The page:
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Robert Brandom seems to have a very distinct notion of implicitness when he says things like:

For while that vocabulary is not itself descriptive vocabulary, its use is implicit in the use of ordinary descriptive vocabulary. [1]

By "that vocabulary" he is talking about nondescriptive vocabulary that plays a "categorial metalinguistic expressive"[1] role. What I take from this is that he has the idea that there is some vocabulary (nondescriptive), the use of which I already and implicitly know just by knowing how to use some other vocabulary (descriptive). But how am I to understand this very notion of implicitness? Also and very relatedly, what sort of knowledge does he have in mind?

[1] Brandom: From Empiricism to Expressivism, Cambridge: Harvard University Press, 2015, p. 90.

*Note on the source: The ideas at work here must be very similar or identical to those in his Making it explicit, but unfortunately I haven't read it yet.

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The implicitness that Brandom talks about is implicitness (embeddedness) in bare practice. His idea is that the more basic knowledge is just how to do something. The more advanced knowledge is how to symbolically express what we do. When we achieve that advanced knowledge, what was first implicit in practice, in bare activity, become explicit in that it can be talked about, and reasoned about.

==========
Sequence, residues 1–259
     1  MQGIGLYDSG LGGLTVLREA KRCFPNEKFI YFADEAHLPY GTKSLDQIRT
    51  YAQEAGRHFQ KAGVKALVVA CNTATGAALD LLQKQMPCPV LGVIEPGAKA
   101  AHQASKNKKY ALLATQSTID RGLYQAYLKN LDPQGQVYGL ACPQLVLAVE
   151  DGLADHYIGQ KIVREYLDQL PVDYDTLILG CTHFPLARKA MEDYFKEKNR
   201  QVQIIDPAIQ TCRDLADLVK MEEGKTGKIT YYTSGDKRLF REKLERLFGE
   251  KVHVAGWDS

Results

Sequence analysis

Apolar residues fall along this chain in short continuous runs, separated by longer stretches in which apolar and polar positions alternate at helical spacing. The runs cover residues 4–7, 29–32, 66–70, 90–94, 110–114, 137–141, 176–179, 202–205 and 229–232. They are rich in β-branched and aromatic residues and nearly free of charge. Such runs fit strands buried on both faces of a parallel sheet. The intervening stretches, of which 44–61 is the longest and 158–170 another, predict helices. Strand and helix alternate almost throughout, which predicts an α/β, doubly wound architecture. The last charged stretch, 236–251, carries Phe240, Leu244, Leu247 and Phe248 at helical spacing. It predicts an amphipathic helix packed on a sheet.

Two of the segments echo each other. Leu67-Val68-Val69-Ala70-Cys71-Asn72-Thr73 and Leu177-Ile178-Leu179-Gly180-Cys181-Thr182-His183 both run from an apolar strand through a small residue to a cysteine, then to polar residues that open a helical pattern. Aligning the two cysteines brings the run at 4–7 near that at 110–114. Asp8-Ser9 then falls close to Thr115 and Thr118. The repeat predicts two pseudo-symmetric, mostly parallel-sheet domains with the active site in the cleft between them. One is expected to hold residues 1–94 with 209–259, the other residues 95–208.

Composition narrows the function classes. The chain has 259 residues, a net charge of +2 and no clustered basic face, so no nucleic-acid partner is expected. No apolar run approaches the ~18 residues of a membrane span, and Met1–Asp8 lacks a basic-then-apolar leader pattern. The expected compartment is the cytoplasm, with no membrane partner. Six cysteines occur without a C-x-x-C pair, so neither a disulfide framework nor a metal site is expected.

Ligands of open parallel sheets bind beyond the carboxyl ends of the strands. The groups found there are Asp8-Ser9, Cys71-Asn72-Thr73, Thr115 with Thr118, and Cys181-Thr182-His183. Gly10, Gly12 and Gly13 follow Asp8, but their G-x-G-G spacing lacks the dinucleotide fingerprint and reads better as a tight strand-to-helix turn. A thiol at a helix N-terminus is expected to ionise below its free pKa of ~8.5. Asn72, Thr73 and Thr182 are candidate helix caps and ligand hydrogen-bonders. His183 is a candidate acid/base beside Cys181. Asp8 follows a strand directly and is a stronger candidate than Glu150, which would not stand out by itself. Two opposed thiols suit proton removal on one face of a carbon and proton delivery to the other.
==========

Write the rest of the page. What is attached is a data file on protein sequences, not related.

For example, a person may be reasonable, logical, without having any acquaintance with logic. This is the level of bare practice. If that person later learns logic, she will learn how to express in the logical vocabulary what was formerly implicit in her bare actions. The knowledge of logic, in turn, will provide her with additional tools to check for logical validity, when her spontaneous (implicit) logical inclinations might falter.

  • Thank you very much. Have you ever heard the terms "empraxis" or "empractic knowledge"? They are neologisms coined by linguist/psychologist Karl Bühler, referring to the type of knowledge you just described: something that's unlike Rylean knowing how and rather like knowledge that's embedded in knowing-how-related action. It seems to closely fit the implicit-notion of Brandom. – coffeekvlt Feb 13 '15 at 12:13
  • @coffeekvlt No, I haven't heard the term "empraxis". Thank you for mentioning that. – Ram Tobolski Feb 13 '15 at 12:55
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Just to augment the excellent answer from @Ram Tobolski : for Brandom conceptual content is instituted by normative practice. So our practices can have conceptual content that our languages cannot explicitly express. In fact they always already have such content. This is a brilliant idea that goes a long way in explaining linguistic change. E.g. consider a term like "hook up" in contemporary US. Surely the practice preceeded the term.

so one way to think of implicit v. explicit is as conceptual content instituted by extra-linguistic practice v. the same expressed by linguistic practice.

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